Jack Flaherty (Brian Walton/The Cardinal Nation)

The Cardinal Nation’s Derek Shore breaks down St. Louis Cardinals pitching prospect Jack Flaherty’s best start of 2016 to date.

The Cardinal Nation’s Derek Shore breaks down St. Louis Cardinals pitching prospect Jack Flaherty’s best start of 2016 to date.

Palm Beach Cardinals starting pitcher Jack Flaherty has certainly encountered the early-season road bumps that come with advancing to a new level.

According to scouts, the right-hander does not have any pitches that grade out as plus on a consistent basis, which requires him to command his pitches. With the stats not being reflective of his talent, the command was off in April.


On Friday night, the 20-year old had excellent command, twirling his best outing of the 2016 campaign. Flaherty tossed a six-inning four-hitter against Roger Dean Stadium shareholder Jupiter Hammerheads (MIA). He fanned a season-high nine batters and issued just two walks. Of his 96 pitches, Flaherty threw 63 strikes and induced three groundouts to five flyouts.

With the outing, Flaherty lowered his ERA nearly a full run, from 5.87 to 5.08. The Cardinal Nation’s second-ranked prospect in St. Louis’ system has struck out 44 against 16 walks over 44 1/3 innings in nine starts for Palm Beach.

I am not a competent scout nor do I intend to represent myself as one, but the following is my commentary on Flaherty's Friday night pitching.

Flaherty threw two fastballs - two-and-four seam variety. His two-seam was in the high 80s range with sink in the bottom part of the zone, with cut and run when located properly. The four-seam popped as high as 96 two or three times, sitting comfortably in the low 90s vicinity. His four-seam fastball was a pitch he painted on the black and recorded several caught looking strikeouts. It should be mentioned his two walks came in the first two innings, and he got stronger after that point.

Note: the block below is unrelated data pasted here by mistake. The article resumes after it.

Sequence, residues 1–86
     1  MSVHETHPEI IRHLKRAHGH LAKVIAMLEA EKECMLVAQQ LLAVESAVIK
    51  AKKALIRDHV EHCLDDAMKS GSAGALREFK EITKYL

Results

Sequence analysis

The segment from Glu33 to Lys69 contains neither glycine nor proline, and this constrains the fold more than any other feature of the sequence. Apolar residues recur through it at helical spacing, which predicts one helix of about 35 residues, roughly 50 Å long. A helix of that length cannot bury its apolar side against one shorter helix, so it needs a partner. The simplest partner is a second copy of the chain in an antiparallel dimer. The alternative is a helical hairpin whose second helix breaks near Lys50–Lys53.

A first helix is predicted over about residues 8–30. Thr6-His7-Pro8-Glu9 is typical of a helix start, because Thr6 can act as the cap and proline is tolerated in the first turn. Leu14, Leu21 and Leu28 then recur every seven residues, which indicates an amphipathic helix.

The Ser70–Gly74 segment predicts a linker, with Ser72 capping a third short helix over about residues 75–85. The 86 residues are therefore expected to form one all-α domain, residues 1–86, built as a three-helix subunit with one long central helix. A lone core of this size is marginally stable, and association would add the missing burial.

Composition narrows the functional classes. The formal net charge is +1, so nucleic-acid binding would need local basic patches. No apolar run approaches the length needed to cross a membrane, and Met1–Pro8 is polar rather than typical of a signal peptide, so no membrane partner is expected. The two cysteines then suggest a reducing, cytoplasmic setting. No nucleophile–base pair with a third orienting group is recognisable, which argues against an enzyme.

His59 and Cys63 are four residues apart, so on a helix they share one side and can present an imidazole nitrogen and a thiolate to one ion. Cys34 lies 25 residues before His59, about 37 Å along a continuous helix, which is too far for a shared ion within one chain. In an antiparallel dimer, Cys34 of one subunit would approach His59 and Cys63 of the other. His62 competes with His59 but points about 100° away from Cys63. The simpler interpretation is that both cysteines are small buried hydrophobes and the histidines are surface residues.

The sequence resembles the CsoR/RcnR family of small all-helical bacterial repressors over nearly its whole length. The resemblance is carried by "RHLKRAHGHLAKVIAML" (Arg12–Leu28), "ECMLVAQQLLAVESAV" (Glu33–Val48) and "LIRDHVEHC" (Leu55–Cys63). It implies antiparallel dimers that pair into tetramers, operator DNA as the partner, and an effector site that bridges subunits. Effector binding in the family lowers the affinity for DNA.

As far as his secondary pitches, Flaherty flashed a curve, slider and change. The curve he threw most often in the early going and was 74-78 mph with a big, deliberate break, but was effective off his fastball(s). The curve was his more effective breaking ball in this game, in my opinion. The slider was thrown more as the game progressed. It was between 78-84 depending on how much he wanted to take off from his fastball, but an offering he used with the same arm speed and another pitch he threw for strikes with a bit of a harder break than the curve.

His change is typically his primary off-speed pitch, but it was difficult to classify his wide arsenal. He picked up some strikeouts off his secondaries, including a nasty 84 mph slider he dropped right over the plate to end the fourth inning.

Command/control wise, Flaherty possessed command of all four pitches and worked the bottom of the zone to get ahead. Hitters did manage good lift with a couple of deep flyballs early, but when he was on, he was painting the black and retiring hitters with his entire arsenal.

Overall, having seen the high-octane arms of Alex Reyes and Carlos Martinez – he is neither of them – though the latter has developed pitchabillity in the major-leagues. However, Flaherty commands his offerings well and makes hitters guess because of the depth of his arsenal. In short, he is a pitcher, but granted I did see him in his best outing of the season.

"He's a young kid at a level which most young kids aren't pitching at," Palm Beach manager Oliver Marmol told The Cardinal Nation earlier this month. "To have him here and teach him how to compete with the stuff that he has - it's going to be an exciting year for him."

A professional scout echoed the same sentiment.

"He's a got good sense of pitching," said the scout. "He's a baby. Most his kids his age are freshman and sophomores in college. He'll have a chance."

What is Next

Check out Derek Shore’s upcoming interviews with Rowan Wick of Palm Beach and Bruce Caldwell of Springfield as well as his every-Thursday beat reports on the Double-A Cardinals coming from Hammons Field – exclusively for members of The Cardinal Nation.

Not yet a member?

Join The Cardinal Nation for the most comprehensive coverage of the St. Louis Cardinals from the majors through the entire minor league system. Take advantage of our seven-day free trial.

Follow Derek Shore on Twitter @D_Shore23.

© 2016 The Cardinal Nation, thecardinalnation.com and scout.com. All rights reserved. This material may not be published, broadcast, rewritten or redistributed.

The Cardinal Nation Top Stories